Power Systems Protection Basic Principles
- Professional Electrical Engineer Mentoring Batch 1 – Module #2 – Short Circuit Analysis - July 10, 2022
- Professional Electrical Engineer Mentoring Batch 1 – Session #1 – Power Systems Protection & Control Design Basics - May 16, 2022
- Transformer Primary & Secondary Protection based on National Electrical Code - October 23, 2020
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Power Systems Protection Criteria
The three (3) basic criteria when designing protection schemes for power systems – Selectivity, Speed and Reliability.
Selectivity is the ability of the protection scheme to trip the minimum number of devices to isolate a given fault in the system. It also means to isolate the correct devices only and leave out the rest of the systems operating.
Speed means that the protection devices, such as relays and circuit breakers, must isolate the fault in timely manner. In North America, the requirement set out by the North American Electric Reliability Corporation (NERC) is 100mSec (or 0.1 Second). This requirement only applies to High Voltage systems of 115kV and above. No specific requirements applies to voltage levels below mentioned.
Reliability means that the protection system must be secure and dependable.
Power Systems Protection Zone
The main objective of defining zones of protection is simple – to make sure that there are no gaps or no part of the system is left unprotected.
Figure-1 above illustrates this. The zones of protection are overlapping. For example, the the Generator Zone overlaps with the Transformer Zone which overlaps with the Bus Zone and so on. In this manner, all parts of the system from Generator all the way down to the load is covered.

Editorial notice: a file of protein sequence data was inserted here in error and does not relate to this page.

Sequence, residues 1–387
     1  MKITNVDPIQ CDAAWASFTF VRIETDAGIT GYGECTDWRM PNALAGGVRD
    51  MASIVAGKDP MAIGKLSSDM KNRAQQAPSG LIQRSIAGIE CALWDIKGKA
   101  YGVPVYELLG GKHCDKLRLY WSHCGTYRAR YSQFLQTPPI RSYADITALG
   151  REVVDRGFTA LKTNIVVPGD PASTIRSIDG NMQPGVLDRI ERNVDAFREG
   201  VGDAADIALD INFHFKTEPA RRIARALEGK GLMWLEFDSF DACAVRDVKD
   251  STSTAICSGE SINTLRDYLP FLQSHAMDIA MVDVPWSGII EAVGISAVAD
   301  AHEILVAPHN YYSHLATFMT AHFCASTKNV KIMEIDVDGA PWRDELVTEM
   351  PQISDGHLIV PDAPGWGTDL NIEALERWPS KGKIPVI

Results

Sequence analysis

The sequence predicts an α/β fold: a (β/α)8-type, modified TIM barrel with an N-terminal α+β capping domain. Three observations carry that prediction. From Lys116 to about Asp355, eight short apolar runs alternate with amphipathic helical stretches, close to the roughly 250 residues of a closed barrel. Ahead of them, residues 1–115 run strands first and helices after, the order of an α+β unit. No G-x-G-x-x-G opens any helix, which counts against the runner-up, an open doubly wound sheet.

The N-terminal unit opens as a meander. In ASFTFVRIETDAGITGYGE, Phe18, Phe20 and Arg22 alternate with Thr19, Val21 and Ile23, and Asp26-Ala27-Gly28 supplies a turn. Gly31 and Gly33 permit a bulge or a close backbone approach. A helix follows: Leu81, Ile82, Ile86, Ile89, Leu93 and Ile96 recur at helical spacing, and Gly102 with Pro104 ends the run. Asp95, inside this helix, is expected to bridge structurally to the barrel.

Dual Element Spot Network (DESN)
Dual Element Spot Network or DESN is a design concept that provides redundancy by duplicating the critical components of a network, such as transformers and buses, in order to provide flexibility for the system during fault conditions.
The idea is that, as in the case of Figure-2 above, whenever one of the transformers are out of service maybe due to maintenance or fault, the system allows the other transformer to carry all the loads by simply isolating the faulted components and switching all the loads to the healthy part of the system.
Figure-3 above illustrates a sample design for a 34.5/12kV Distribution Substation. There are two(2) power transformers and two(2) 34.5kV Gas Insulated Switchgear (GIS) and two(2) 12kV GIS.
Bus-Tie breakers are installed between the 34.5kV gears to allow the system to transfer the feed in case one of the transformers are commissioned or faulted. Similarly, a Tie-Breaker arrangement is also installed between the 12kV gears which also allows the loads to be transferred.
In this manner, it forms a ring or loop which interconnect all the four GIS gear. This design provides maximum flexibility and ensures that customers gets power in the event that one of the transformers are down.
Relay Pickup, Relay Dropout
When the actuating value applied to the relay increased to a point where it operates, this is called the Relay Pickup value. For example, if the relay is set to operate, say at 125% of 5A, then the pickup is at 6.25A. At that current value the relay will operate. On the other hand, when the value goes below that set point then the relay contacts will reopen, this is called the Relay Dropout.
Normally Open, Normally Closed
The contact is said to be Normally Open (N.O.) when the contacts are open when the relay has not operate. It is considered Normally Closed (N.C.) if it is closed when the relay has not operated.
In the case of circuit breaker auxiliary contacts, a Normally Open contact is one that is open when the breaker is in the Open Position while a Normally Closed auxiliary contact is one that is closed when the breaker is in the Open Position.